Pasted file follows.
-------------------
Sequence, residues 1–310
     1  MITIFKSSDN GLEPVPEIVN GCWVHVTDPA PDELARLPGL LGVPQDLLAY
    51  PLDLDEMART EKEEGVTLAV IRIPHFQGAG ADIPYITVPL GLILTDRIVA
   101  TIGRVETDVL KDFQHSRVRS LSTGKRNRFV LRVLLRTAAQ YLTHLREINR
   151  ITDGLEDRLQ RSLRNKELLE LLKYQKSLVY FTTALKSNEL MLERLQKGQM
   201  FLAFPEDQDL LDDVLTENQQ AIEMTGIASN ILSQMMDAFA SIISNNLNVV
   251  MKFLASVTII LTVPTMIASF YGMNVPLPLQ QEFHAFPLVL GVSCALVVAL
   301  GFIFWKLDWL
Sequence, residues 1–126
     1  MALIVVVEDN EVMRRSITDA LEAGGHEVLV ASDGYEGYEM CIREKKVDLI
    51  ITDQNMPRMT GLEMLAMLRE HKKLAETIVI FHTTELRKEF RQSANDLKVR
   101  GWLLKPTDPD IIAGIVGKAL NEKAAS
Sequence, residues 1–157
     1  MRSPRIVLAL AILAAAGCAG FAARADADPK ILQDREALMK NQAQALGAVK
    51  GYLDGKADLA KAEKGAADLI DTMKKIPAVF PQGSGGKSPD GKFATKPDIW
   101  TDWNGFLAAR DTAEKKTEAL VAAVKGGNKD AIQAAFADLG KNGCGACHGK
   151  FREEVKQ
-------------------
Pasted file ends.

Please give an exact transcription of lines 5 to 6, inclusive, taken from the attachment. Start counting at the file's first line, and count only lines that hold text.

   151  ITDGLEDRLQ RSLRNKELLE LLKYQKSLVY FTTALKSNEL MLERLQKGQM
   201  FLAFPEDQDL LDDVLTENQQ AIEMTGIASN ILSQMMDAFA SIISNNLNVV